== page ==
Entry of the proposed Final Judgment would terminate this action, except that the Court would retain jurisdiction to construe, modify, or enforce the provisions of the proposed Final Judgment and to punish violations thereof.

II. Compliance with the APPA

The APPA requires a sixty-day period for the submission of public comments on the proposed Final Judgment, 15 U.S.C. § 16(b). In this case, the comment period terminated on March 21, 2006, and the United States received no public comments. The United States has filed a Certificate of Compliance simultaneously with this Motion and Memorandum that states all the requirements of the APPA have been satisfied. It is now appropriate for the Court to make the public interest determination required by 15 U.S.C. § 16(e) and to enter the Final Judgment.

III. Standard of Judicial Review

Before entering the proposed Final Judgment, the Court is to determine whether the Judgment "is in the public interest." 15 U.S.C. § 16(e). In making that determination, the Court may consider:

  1. the competitive impact of such judgment, including termination of alleged violations, provisions for enforcement and modification, duration of relief sought, anticipated effects of alternative remedies actually considered, whether its terms are ambiguous, and any other competitive considerations bearing upon the adequacy of such judgment that the court deems necessary to a determination of whether the consent judgment is in the public interest; and
  2. the impact of entry of such judgment upon competition in the relevant market or markets, upon the public generally and individuals alleging specific injury from the violations set forth in the complaint including consideration of the public benefit, if any, to be derived from a determination of the issues at trial.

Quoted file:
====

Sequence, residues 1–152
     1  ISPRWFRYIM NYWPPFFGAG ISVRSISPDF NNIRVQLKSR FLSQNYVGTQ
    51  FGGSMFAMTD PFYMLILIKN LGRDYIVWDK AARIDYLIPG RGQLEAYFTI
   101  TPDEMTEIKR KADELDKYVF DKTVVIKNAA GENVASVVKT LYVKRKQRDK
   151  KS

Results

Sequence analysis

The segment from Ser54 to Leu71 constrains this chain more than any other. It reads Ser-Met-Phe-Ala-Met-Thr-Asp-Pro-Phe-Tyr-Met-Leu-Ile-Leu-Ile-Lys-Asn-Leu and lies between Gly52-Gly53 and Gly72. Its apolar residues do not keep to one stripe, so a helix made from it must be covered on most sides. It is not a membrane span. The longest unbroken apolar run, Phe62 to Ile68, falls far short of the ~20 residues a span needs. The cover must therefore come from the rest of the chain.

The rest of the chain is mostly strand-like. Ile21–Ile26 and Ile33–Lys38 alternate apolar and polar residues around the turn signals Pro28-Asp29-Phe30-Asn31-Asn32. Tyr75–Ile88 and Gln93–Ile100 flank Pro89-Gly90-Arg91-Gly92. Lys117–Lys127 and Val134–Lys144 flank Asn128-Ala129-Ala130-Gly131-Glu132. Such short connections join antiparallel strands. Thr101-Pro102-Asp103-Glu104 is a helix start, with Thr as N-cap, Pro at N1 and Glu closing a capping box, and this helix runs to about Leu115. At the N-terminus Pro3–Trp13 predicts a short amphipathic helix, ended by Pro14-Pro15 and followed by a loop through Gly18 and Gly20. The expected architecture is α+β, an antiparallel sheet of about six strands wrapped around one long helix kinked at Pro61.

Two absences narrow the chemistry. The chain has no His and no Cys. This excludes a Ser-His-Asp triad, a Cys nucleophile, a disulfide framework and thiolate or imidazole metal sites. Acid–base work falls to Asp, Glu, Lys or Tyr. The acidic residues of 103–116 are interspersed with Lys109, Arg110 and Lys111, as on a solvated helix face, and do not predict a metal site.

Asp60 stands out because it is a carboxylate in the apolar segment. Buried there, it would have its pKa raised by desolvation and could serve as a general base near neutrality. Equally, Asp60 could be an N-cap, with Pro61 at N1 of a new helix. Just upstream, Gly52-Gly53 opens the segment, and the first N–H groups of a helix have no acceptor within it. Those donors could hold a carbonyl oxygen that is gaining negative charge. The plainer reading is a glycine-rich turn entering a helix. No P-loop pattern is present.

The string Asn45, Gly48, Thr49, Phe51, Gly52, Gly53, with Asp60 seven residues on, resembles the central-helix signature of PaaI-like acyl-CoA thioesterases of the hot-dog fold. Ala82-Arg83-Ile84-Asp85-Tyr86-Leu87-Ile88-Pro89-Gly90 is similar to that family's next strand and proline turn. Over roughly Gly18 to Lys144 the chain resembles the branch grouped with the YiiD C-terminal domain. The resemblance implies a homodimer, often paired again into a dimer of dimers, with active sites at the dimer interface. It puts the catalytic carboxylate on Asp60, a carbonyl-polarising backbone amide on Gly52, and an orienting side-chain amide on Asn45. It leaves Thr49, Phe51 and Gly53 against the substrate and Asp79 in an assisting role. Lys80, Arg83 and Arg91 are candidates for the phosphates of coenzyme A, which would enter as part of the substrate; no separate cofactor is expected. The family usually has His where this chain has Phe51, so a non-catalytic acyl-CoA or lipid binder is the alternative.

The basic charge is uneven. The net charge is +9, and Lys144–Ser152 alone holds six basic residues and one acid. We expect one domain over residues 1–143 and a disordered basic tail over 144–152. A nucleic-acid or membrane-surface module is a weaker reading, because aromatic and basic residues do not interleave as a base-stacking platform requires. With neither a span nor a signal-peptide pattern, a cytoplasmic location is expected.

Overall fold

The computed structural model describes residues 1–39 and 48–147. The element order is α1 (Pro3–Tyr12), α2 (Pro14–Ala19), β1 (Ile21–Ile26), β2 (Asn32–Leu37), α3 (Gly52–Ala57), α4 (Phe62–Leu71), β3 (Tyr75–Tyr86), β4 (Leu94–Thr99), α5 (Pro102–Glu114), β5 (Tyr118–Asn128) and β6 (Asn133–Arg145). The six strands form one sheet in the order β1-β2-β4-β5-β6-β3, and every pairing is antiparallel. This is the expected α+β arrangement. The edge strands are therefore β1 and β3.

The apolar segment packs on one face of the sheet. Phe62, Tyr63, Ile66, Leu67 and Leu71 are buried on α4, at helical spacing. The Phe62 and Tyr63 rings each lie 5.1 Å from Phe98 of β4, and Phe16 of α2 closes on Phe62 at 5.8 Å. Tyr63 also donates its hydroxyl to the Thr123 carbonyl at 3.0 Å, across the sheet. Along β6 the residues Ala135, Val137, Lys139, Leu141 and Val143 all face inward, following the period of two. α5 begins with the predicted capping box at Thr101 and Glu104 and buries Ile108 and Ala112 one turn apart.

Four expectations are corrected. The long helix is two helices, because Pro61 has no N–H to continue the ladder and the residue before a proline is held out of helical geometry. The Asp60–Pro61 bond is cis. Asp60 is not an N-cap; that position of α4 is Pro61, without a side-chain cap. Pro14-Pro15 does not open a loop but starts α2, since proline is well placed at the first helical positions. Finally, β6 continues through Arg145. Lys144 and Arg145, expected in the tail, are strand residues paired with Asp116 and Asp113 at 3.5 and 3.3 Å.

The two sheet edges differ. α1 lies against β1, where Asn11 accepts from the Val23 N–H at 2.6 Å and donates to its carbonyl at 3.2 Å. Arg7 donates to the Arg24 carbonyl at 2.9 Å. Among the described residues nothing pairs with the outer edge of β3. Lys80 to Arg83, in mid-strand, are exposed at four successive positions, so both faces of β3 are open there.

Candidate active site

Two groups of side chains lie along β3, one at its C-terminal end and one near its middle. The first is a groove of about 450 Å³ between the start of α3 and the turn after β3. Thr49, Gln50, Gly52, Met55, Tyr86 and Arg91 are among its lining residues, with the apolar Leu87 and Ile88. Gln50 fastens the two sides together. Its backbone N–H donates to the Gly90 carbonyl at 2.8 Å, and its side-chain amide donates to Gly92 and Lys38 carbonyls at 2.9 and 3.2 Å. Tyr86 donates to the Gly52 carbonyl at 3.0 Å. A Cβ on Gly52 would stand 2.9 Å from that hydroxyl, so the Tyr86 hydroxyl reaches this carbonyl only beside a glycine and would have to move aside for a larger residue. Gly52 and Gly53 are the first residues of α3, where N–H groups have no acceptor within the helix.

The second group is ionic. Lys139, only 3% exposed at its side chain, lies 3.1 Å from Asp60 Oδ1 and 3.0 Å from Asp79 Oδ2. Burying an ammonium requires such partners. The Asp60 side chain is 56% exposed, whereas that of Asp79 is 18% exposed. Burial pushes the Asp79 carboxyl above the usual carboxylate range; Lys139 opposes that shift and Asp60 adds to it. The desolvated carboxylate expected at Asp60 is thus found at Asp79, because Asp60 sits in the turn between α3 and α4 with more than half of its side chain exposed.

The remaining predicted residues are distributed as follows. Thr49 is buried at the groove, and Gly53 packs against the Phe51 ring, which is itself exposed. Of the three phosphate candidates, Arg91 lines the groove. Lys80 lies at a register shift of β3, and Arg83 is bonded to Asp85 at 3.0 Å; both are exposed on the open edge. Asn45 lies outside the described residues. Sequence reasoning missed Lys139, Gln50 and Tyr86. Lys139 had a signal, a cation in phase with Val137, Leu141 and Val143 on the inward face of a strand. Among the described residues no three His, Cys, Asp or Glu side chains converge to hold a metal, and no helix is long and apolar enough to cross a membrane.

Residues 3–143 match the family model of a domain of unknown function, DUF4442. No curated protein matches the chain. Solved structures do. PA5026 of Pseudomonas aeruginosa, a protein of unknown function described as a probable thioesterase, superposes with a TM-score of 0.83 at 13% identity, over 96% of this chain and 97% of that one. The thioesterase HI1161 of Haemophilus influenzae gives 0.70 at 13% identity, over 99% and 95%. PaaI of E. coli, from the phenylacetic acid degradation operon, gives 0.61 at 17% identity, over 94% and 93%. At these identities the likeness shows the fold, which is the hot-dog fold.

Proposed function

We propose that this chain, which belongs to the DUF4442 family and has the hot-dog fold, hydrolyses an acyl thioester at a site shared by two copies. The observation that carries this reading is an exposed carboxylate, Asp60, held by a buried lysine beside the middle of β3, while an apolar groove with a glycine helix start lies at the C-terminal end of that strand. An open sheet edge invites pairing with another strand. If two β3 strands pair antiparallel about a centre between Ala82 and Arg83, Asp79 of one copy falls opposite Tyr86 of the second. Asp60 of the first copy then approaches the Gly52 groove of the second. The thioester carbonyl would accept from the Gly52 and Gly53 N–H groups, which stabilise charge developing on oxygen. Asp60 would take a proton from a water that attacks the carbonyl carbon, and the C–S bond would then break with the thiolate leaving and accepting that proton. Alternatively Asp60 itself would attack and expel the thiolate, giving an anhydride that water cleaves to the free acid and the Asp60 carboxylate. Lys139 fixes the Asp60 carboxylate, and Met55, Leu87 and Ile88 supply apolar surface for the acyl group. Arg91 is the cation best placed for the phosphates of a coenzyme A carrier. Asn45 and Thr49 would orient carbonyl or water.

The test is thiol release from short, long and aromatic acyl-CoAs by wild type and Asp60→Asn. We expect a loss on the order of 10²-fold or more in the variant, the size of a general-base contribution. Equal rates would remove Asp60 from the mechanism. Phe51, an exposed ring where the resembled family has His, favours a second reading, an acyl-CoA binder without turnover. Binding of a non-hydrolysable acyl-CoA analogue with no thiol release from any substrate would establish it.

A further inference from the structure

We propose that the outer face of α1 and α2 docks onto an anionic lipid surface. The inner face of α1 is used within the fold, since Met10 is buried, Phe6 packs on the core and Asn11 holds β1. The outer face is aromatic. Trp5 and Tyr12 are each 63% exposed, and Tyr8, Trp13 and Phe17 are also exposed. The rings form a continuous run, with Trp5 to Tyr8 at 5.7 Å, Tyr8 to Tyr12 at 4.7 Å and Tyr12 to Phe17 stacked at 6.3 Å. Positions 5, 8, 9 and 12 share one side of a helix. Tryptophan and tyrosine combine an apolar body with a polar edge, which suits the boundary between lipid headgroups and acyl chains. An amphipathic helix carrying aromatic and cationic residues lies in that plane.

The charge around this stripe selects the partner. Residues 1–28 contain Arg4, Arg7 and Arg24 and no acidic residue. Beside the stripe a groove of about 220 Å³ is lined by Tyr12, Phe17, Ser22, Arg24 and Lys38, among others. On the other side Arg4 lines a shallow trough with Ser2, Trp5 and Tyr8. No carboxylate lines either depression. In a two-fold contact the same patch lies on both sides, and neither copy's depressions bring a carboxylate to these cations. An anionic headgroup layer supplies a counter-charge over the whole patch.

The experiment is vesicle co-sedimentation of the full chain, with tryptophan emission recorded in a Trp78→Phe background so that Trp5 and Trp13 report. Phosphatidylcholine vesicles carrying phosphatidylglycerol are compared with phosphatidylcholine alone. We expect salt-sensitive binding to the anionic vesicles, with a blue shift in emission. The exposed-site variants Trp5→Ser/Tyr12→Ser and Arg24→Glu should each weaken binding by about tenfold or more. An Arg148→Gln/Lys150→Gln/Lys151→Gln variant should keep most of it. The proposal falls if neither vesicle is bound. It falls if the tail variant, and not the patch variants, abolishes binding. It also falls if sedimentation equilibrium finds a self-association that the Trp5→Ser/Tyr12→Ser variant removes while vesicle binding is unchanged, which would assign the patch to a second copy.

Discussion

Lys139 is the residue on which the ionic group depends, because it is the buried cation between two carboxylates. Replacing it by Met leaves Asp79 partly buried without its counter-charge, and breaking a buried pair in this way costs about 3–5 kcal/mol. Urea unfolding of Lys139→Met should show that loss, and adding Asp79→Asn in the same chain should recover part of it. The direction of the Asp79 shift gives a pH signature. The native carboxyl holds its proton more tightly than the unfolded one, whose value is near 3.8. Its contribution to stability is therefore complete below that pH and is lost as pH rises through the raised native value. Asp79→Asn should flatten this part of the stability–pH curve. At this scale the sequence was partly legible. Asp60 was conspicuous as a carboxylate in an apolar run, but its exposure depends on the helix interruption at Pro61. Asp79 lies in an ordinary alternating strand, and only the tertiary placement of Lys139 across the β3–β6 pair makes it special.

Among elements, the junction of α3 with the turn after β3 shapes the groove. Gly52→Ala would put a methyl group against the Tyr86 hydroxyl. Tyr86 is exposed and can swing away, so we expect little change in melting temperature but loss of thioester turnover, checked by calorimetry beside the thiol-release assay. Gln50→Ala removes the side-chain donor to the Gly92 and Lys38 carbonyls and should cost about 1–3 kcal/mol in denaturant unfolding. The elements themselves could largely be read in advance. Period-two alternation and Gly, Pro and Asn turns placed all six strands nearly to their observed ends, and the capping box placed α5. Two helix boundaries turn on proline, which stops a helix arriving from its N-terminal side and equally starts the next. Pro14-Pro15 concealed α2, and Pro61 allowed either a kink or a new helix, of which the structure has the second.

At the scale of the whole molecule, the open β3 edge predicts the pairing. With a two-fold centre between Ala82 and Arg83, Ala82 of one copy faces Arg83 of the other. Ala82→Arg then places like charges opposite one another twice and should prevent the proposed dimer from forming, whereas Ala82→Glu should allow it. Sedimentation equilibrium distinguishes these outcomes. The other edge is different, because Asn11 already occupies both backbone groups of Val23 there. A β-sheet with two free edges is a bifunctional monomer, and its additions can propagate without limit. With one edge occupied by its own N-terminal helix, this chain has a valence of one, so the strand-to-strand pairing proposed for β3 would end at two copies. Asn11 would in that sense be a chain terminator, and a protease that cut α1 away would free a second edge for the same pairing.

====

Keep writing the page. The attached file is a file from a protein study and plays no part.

15 U.S.C. § 16(e).

In its Competitive Impact Statement previously filed with the Court on December 22, 2005, the United States explained the meaning and proper application of the public interest standard under the APPA and now incorporates those statements herein by reference. The public, including affected competitors and customers, has had the opportunity to comment on the proposed Final Judgment as required by law. There has been no showing that the proposed settlement constitutes an abuse of the United States' discretion or that it is not within the zone of settlements consistent with the public interest.

IV. Conclusion

For the reasons set forth in this Motion and Memorandum and in the Competitive Impact Statement, the Court should find that the proposed Final Judgment is in the public interest and should enter the proposed Final Judgment without further hearings.

The United States respectfully requests that the proposed Final Judgment be entered as soon as possible.

Dated: May 16, 2006

    Respectfully submitted,
    _______________/s/________________
William H. Jones II (WJ 2563)
Avery W. Gardiner (AG 2011)
U.S. Department of Justice
Antitrust Division, Litigation III Section
Liberty Place Building
325 7th Street, NW, Suite 300
Washington, DC 20530
(202) 514-0230
Attorneys for Plaintiff

CERTIFICATE OF SERVICE

I, William H. Jones II, hereby certify that on May 16, 2006, I caused copies of the foregoing Motion and Memorandum for Entry of Final Judgment to be served by overnight delivery service sending them via FedEx to duly authorized legal representatives of those parties, as follows:

Counsel for Defendant Marquee Holdings, Inc.

Damian Didden, Esq.
Wachtell, Lipton, Rosen & Katz
51 West 52nd Street
New York, NY 10019

Counsel for Defendant LCE Holdings, Inc.

Deborah L. Feinstein, Esq.
Arnold & Porter
555 Twelfth Street NW
Washington, DC 2004-1206

    _______________/s/________________
William H. Jones II
U.S. Department of Justice
Antitrust Division
Liberty Place Building
325 7th Street, NW, Suite 300
Washington, DC 20530
Telephone No.: (202) 514-0230

Updated August 14, 2015